If you are one of the clearing houses, banking centrals, credit card companies or central banks, the huge number of financial transactions due to the real-time interactions lead to massive requirements on scalability and resilience of your technical infrastructure since the systems you operate are critical, not only for your specific customers but for society at large. We are seeing experiments with digital currencies run by several central banks in the world, including Sweden’s “Riksbank”, founded in 1668.
If you are one of the providers of digital currencies based on blockchain technologies you also face the challenge of minimising the energy consumption for all the computations needed.
Considering the engineers and developers who design, deliver and operate the financial systems, they want an environment where you can develop and deploy easily – including smooth programming languages requiring few lines of code supported by libraries, frameworks and tooling – and get quick feedback from both development, test and commercial deployments. Motivated and engaged employees lead to better services and happier and more loyal customers.
To summarise: we need real-time, secure, reliable and scalable systems that can be developed quickly and smoothly, operating at low cost with interoperability across borders and currencies.
The Telecoms World
Fortunately, the needs of real-time, secure, reliable, scalable and interoperable systems that can be developed quickly and operated at low cost have already been fulfilled in the telecoms world starting in the 60s and 70s when the telecom operators started deploying the first digital software switches for local, regional and international phone calls. This infrastructure critical for society was designed, developed and tested for global, real-time around the clock operation with billions of users from the very beginning and global standards for interoperability were key enablers.
The technology evolution grew very rapidly in the 80s and 90s due to the increased demands for communication on the move using handsets connected to mobile networks, first using national network standards (the first generation, 1G, for voice calls only), then regional network standards (the second generation, 2G, for voice, text messages and limited data transmission), and, finally global network standards (the 3rd, 4th and 5th generations, 3G/4G/5G, optimised for higher and higher rates of data transmission).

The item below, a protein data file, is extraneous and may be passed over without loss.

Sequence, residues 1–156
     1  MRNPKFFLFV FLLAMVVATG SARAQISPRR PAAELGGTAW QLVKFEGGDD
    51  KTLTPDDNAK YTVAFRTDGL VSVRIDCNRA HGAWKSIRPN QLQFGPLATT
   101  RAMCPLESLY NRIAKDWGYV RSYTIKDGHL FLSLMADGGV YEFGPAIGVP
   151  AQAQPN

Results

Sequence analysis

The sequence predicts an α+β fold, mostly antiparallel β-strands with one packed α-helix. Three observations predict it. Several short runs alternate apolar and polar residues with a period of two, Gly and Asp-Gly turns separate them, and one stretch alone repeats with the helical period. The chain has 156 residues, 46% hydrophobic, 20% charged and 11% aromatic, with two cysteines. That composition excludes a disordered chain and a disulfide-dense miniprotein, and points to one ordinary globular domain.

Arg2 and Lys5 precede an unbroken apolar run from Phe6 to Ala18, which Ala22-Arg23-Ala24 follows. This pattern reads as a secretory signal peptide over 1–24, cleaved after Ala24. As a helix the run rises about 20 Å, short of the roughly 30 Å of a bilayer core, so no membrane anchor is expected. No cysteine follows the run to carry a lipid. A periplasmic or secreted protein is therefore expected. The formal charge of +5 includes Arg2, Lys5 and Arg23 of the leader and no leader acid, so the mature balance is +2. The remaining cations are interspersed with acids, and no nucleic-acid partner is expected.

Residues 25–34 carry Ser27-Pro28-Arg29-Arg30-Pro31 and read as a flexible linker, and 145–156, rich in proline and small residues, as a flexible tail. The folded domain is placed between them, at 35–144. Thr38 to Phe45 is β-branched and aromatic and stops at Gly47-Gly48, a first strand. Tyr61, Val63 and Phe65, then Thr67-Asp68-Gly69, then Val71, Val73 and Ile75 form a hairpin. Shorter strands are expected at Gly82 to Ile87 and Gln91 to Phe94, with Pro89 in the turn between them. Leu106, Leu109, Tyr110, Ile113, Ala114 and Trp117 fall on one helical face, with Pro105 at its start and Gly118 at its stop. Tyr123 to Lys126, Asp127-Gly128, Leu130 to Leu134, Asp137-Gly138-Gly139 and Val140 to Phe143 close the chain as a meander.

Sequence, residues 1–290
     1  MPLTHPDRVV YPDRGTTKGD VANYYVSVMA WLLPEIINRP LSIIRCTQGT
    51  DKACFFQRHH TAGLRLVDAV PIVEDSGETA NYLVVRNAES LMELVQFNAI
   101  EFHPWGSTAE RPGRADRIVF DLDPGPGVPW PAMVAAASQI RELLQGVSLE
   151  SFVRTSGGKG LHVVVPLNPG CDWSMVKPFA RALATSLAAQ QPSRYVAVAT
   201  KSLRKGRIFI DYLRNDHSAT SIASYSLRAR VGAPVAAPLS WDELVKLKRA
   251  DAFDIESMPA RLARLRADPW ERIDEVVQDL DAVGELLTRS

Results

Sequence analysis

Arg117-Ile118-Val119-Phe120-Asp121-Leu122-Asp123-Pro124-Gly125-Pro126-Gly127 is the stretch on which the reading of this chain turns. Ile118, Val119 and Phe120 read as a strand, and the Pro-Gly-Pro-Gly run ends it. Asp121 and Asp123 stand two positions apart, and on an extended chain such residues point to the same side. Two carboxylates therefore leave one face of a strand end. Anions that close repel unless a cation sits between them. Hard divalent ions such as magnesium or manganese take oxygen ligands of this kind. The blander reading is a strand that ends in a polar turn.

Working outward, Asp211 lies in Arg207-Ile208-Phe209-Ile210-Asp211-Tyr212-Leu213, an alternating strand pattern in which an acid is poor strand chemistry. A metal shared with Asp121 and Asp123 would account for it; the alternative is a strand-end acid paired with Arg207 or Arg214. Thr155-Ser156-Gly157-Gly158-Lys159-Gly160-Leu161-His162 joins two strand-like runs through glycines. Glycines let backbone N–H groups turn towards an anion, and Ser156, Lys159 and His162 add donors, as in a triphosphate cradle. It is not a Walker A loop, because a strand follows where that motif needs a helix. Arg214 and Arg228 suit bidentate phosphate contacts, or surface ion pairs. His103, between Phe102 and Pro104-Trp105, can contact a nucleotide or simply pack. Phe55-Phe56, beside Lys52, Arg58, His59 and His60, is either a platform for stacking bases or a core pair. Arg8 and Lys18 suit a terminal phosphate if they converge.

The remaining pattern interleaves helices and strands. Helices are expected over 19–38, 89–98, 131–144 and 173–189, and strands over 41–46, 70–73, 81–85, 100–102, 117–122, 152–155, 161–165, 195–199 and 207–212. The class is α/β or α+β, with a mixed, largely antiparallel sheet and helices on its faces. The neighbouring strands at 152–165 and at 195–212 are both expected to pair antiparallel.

This evolution happened in parallel with the evolution of systems for secure and reliable financial transactions. The biggest difference was that the telecom systems had far more transactions to handle due to the real-time nature of phone calls, mobile phone calls and browsing the web whereas the financial world handled this particular challenge through daily batches around midnight where all the financial transactions during the past 24 hours were processed.
Finally, telecoms have been commoditised by regulation, standards and global competition and is now a low margin business. There is a similar threat to financial services. In telecom, threats such as Google and others were well known to telecoms yet the telecom operators failed to act and now the value has been taken by the Big US Tech players with a global mindset.
To summarise, telecoms have already mastered the challenge of real-time, secure, reliable, scalable and interoperable systems that can be developed quickly and operated at low cost. At Erlang Solutions we believe that a lot of our learnings from this industry can be applied to exciting new projects in the fintech space.
Erik Schön, Managing Director, Erlang Solutions Nordic, is an executive with 20+ years of telecoms experience from global standardisation, system design and managing R&D organisations of up to 400 people at the global telecom giant Ericsson. Erik is a big fan of Erlang since the 90s and his latest book is The Art of Strategy.